How does bikepacking work? From motivation to goal setting to the right equipment – this article is a short introduction into bikepacking.
You dream of endless freedom on your bike? Just being out in the fresh air day and night and feeling limitless? Discovering new places by bike and taking a break wherever it’s nice? We do too!
Bikepacking is a form of travel that combines vacation, nature experience and sporting activity. Being mobile under your own power and with light luggage. On gravel or road. Fast or leisurely. Far or near. Be at home in a tent or with friendly hosts.
What is the difference between Bikepacking and Biketouring?
Many people define traveling by bicycle as “bikepacking”. Actually, bikepacking explicitly means the form of bicycle travel where the bags are attached directly to the frame – without a luggage rack. In cages to the fork, a handlebar roll, a seatpack under the saddle and the classic frame bag is what counts as the usual set-up that is often seen. This bag selection pairs well with the road bike, gravel bike, crosser or mountain bike.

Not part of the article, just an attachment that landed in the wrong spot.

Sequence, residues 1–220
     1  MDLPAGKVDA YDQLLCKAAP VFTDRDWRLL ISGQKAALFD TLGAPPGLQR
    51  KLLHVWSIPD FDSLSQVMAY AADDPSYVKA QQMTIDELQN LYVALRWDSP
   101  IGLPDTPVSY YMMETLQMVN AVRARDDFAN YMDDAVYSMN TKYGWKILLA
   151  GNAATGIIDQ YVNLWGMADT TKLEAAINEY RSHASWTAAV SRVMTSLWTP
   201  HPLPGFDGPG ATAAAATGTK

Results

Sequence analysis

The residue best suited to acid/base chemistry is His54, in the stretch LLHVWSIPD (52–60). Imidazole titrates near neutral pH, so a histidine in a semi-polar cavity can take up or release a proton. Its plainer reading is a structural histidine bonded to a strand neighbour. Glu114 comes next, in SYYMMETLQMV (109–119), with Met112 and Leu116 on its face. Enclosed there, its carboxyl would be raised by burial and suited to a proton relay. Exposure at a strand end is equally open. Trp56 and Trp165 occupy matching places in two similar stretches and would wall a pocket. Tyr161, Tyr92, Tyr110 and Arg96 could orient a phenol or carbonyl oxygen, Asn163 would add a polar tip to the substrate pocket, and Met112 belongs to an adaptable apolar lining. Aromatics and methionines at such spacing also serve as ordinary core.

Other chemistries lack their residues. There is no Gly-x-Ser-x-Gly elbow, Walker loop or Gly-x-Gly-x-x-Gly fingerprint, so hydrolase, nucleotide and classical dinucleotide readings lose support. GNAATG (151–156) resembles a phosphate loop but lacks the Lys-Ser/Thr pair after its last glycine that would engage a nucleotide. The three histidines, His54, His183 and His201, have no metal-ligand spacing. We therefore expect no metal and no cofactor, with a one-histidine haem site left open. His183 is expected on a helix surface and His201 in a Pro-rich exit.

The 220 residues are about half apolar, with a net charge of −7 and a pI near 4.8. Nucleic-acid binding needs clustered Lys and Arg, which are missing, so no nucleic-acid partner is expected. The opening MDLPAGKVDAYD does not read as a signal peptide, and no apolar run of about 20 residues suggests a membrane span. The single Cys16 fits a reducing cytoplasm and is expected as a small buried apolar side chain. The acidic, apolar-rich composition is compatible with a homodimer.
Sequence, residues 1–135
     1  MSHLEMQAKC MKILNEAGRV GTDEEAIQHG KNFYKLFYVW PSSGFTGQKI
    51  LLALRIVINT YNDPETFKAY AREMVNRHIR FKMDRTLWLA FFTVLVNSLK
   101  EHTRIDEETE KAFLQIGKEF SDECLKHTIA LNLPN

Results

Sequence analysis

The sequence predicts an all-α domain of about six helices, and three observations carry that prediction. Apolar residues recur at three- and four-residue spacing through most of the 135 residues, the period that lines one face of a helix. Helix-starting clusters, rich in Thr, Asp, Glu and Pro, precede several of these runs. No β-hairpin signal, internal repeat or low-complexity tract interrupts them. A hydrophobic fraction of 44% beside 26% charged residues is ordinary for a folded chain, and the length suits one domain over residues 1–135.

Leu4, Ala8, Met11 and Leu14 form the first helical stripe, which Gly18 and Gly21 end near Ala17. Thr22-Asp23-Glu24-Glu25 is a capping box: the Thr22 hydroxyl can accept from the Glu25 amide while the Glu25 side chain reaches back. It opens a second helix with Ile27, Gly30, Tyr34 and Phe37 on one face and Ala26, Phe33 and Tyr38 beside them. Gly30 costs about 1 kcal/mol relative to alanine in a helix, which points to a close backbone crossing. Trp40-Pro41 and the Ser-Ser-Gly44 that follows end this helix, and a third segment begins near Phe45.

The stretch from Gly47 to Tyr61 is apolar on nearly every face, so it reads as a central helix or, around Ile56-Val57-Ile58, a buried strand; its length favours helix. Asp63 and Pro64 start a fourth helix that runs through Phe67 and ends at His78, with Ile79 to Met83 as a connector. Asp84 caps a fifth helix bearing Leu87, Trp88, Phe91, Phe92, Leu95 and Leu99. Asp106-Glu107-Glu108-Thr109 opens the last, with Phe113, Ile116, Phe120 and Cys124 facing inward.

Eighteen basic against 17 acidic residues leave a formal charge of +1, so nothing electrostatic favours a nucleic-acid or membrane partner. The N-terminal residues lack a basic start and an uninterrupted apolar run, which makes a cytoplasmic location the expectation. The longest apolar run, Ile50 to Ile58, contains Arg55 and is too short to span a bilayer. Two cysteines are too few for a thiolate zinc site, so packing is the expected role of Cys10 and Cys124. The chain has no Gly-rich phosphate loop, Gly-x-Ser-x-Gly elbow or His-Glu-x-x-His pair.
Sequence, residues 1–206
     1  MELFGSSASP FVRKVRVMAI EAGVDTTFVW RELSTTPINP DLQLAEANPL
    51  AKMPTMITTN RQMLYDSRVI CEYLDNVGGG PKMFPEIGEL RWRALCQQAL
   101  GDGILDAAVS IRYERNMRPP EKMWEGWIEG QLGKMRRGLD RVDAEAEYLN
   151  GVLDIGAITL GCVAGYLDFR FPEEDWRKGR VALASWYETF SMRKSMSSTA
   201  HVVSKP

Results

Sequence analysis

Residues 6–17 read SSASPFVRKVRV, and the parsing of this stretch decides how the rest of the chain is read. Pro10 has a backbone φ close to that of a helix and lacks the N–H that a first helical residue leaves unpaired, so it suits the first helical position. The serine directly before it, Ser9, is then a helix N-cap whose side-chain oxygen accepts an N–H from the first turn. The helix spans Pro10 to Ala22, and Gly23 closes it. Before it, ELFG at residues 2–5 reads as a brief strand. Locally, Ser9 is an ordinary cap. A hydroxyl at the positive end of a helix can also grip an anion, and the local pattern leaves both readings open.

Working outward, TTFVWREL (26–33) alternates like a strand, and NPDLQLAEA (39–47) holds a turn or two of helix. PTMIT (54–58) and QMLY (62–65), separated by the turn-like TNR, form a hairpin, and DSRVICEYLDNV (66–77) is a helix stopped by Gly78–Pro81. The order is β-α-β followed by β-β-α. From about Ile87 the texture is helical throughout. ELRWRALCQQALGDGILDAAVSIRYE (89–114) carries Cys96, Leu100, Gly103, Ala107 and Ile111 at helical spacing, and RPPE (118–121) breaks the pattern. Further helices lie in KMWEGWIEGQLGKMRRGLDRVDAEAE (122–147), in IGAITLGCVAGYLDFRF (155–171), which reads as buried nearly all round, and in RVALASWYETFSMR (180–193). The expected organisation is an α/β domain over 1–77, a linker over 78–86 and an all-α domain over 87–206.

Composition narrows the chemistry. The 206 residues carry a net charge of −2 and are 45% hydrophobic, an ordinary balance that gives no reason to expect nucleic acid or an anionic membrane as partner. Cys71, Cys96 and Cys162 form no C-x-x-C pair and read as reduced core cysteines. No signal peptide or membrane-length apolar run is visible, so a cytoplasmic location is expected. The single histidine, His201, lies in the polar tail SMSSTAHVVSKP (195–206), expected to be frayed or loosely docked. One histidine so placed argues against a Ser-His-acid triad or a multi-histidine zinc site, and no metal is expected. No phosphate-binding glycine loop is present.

Biketouring means using panniers, which are attached to a rack. Touring bikes are rugged and designed to carry a lot of luggage and weight. Many touring bikes offer the option of attaching pannier racks to both the front and rear of the bike, allowing for optimal weight distribution. Thus, biketouring offers much more storage space for longer bike trips.
How to plan your first bikepacking tour
Maybe you don’t know yet if bikepacking is the right thing for you? Wiebke and Sandra briefly talk about their first bike touring and bikepacking experiences to give you a little insight.
Wiebke's first bike touring trip
I jumped right into the cold water. My first real trip by bike was in 2019 in South America. 7,000 kilometers solo from Colombia to Argentina. Before that, I actually only did day trips on my road bike.
So I bought panniers, a gravel bike with a rear rack & off I went. I didn't even test the tent I had bought before (not so highly recommended). For me, camping in Germany or going somewhere without a "real" destination didn't seem to hold much appeal. But in Colombia, I had my mind set on learning everything at once.
Spoiler: It worked out
I was a big fan of bike touring from day 1. While I didn’t have a classic touring bike, I felt very comfortable on the gravel bike with racks. It had the sporty geometry I was used to and I could still stow all my luggage easily. The motto was: just ride, pause, turn and sleep where I wanted.